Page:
Six People Die After Collapse of Italian Glacier
3rd July 2022
Last modified on July 5th, 2022
The accident happened in the Dolomites in northern Italy. The collapse triggered an avalanche of rocks, snow and ice that hit a number of hikers. Eight other people were injured, two are reported to be in a serious condition. It’s feared the death toll could rise as the search operation resumes. UPDATED
This news article from Sunday 3rd of July has been updated with a fresh article on Tuesday 5th July.
See here for the very latest:
We have also posted this related feature article:
Sunday 3rd July:
The ice mass collapsed on the slopes of Marmolada, the highest mountain in the Dolomites in the east of the Alps.
It is unclear what caused the collapse but there have been high summer temperatures that have likely made the ice unstable.
Temperatures on the Marmolada reached 10 degrees celsius (50 fahrenheit) at the weekend.
The glacier has been in retreat over recent years and it was a fraction of its former size.
Dozens of people out hiking in the area were hit by the debris.
“Unfortunately, five people were found lifeless,” emergency services spokeswoman Michela Canova told the AFP news agency.
She added that the number of injured people “remains a provisional count.”
“An avalanche of snow, ice and rock which in its path hit the access road when there were several roped parties, some of which were swept away.
“The definitive number of mountaineers involved is not yet known,” she added.
One report says 19 people are still missing.
The ice collapsed close to Punta Rocca on the route often used by hikers and climbers to reach the summit.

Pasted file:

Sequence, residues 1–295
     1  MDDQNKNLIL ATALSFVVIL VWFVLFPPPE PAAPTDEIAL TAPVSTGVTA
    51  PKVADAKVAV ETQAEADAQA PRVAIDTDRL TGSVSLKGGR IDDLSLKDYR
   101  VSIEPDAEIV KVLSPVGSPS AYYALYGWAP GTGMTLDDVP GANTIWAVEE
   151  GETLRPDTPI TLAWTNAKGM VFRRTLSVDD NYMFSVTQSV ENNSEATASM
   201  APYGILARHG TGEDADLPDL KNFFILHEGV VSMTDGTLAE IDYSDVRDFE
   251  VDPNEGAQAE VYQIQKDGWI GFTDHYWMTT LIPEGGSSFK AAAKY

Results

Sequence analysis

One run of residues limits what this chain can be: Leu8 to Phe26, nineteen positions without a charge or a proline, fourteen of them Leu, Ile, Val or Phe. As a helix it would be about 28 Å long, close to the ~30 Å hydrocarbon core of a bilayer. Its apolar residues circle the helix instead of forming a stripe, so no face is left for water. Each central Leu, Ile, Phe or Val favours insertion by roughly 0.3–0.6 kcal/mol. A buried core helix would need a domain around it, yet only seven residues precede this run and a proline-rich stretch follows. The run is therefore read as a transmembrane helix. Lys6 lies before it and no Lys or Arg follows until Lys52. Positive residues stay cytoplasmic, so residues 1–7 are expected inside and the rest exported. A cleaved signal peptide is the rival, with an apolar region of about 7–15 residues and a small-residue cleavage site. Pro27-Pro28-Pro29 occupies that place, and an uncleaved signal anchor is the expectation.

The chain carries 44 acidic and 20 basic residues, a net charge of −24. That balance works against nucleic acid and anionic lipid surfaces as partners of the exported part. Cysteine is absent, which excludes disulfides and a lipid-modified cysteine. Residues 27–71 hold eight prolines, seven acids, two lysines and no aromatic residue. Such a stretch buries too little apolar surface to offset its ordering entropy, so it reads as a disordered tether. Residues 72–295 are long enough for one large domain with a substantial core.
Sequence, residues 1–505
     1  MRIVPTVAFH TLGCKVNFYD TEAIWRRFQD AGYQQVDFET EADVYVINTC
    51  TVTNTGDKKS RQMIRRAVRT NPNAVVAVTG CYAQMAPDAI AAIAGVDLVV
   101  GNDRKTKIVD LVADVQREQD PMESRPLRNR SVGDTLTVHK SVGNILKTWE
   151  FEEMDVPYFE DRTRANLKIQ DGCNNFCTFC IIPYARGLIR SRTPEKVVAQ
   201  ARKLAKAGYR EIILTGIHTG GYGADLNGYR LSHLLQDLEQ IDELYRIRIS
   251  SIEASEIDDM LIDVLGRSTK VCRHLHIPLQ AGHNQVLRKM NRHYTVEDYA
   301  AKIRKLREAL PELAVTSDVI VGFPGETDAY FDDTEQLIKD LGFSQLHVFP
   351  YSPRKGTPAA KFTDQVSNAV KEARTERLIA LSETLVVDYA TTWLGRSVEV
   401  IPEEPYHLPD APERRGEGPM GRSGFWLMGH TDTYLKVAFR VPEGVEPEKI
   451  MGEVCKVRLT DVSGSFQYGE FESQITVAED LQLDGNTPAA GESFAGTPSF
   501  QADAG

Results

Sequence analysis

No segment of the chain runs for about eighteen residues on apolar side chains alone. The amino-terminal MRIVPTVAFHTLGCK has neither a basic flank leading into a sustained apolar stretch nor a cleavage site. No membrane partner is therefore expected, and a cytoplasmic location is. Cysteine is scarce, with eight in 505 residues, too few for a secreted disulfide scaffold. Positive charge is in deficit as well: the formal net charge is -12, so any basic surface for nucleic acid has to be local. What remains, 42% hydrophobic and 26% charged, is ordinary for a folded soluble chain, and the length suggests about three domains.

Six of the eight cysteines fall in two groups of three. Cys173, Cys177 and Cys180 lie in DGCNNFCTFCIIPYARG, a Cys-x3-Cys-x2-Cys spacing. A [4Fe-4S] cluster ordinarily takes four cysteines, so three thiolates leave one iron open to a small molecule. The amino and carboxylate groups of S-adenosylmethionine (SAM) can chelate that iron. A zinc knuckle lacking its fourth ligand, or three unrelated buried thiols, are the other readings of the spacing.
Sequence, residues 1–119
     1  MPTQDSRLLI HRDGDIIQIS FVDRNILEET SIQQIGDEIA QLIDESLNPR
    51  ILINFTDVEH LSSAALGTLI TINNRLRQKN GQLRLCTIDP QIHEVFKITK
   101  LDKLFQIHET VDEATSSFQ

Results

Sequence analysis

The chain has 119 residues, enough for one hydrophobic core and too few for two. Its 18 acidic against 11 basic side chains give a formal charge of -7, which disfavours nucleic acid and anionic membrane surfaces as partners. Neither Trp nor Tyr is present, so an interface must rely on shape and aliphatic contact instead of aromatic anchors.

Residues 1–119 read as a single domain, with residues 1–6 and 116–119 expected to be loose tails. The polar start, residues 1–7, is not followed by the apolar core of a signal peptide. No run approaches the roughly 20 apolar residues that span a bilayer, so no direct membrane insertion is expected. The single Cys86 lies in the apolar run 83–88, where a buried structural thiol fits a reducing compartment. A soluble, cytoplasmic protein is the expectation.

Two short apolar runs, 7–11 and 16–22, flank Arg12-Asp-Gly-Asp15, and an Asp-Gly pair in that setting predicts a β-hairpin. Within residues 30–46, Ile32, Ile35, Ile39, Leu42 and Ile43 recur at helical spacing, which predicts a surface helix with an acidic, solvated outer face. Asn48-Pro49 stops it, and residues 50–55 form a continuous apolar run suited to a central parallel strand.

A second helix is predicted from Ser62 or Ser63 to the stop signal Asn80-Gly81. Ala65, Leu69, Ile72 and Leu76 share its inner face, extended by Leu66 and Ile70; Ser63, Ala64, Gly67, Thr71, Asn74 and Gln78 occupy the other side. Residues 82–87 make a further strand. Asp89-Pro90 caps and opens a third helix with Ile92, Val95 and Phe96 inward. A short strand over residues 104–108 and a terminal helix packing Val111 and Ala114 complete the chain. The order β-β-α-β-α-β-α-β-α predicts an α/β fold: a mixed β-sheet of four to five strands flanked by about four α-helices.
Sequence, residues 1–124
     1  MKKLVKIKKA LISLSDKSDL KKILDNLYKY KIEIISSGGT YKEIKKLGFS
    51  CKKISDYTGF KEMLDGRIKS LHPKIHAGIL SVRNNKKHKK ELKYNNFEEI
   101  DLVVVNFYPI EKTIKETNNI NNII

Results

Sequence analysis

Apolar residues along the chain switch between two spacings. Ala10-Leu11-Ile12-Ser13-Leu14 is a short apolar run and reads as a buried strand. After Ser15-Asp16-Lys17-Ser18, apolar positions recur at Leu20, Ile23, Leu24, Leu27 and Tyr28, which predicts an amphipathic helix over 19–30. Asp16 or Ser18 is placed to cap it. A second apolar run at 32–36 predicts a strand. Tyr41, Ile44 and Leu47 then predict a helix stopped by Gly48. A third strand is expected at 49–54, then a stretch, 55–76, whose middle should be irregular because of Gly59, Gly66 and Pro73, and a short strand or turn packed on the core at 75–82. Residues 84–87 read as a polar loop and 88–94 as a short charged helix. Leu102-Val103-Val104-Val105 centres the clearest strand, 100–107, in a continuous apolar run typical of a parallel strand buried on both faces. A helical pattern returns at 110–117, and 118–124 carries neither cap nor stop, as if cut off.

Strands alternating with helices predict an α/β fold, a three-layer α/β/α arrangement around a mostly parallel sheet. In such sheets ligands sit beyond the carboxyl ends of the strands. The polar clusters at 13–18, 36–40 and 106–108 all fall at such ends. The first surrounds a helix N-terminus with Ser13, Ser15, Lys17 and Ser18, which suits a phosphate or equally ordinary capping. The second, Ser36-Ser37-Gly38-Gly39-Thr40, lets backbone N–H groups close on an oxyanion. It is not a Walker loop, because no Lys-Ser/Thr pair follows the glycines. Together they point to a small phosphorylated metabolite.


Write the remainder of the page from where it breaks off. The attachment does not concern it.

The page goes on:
“Fortunately the weather conditions are good but the danger is that there could be further collapses,” said a spokesperson from the Alpine Rescue Unit.
Video posted on social media shows the avalanche:
Tremendo accidente acaba de pasar en Marmolada,Dolomitas.
Un enorme serac se desprendió por las altas temperaturas,cayendo sobre la ruta normal de ascenso.
6 muertos y 10 desaparecidos. Búsqueda con helicópteros y rescate en marcha ahora
📹Nicoletta Barbessi pic.twitter.com/p3iL2H2DA0
— k2 (@KrisAnnapurna) July 3, 2022
The footage of the large ice avalanche in Marmolada today in close proximity.
We don’t know the author, we will write it in the comments as soon as we will know it.
Indeed an impressive sequence pic.twitter.com/zDo4q40qOP
— Alpine-Adriatic Meteorological Society (@aametsoc) July 3, 2022
Five helicopters and dozens of emergency workers were involved in the search and rescue operation.
Marmolada is 3,343m high and lies between the borders of Trentino and Veneto.
The injured are being treated in hospitals in the nearby towns of Belluno, Treviso, Trento and Bolzano.
It is not certain how many people were in the area at the time.
The authorities are checking number plates in the local car parks to ascertain how many people might be missing.
The names, nationalities and ages of the dead have not been released.
As temperatures rise and glaciers become unstable experts are becoming increasingly concerned that these sort of incidents will become more prevalent – Glacier collapse on Mt Blanc threatens
The climate of the Alps is changing rapidly and temperatures have increased by around 2C – twice the global average.
Catastrophic glacier collapses are becoming more frequent, says Paul Christoffersen, a professor of glaciology at the University of Cambridge.
Renato Colucci, a glacier specialist quoted by the Italian agency AGI, said that the phenomenon was “bound to repeat itself”, as “for weeks the temperatures at altitude in the Alps have been well beyond normal values”.
A study by Swiss scientists found that Alpine glaciers could shrink by up to 90% this century.
The alpine glaciers are estimated to have lost half their volume since 1850, with the loss rates accelerating sharply since the late 1980s.
The glaciers in Europe are now shrinking at an increasingly alarming rate as rising temperatures take their toll and this makes them increasingly unstable.
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- Austrian glaciers set to melt by end of the century
- Skiing, snowboarding and sustainability
Main image c/o Alpine Rescue Services, Corpo Nazionale Soccorso Alpino e Speleologico.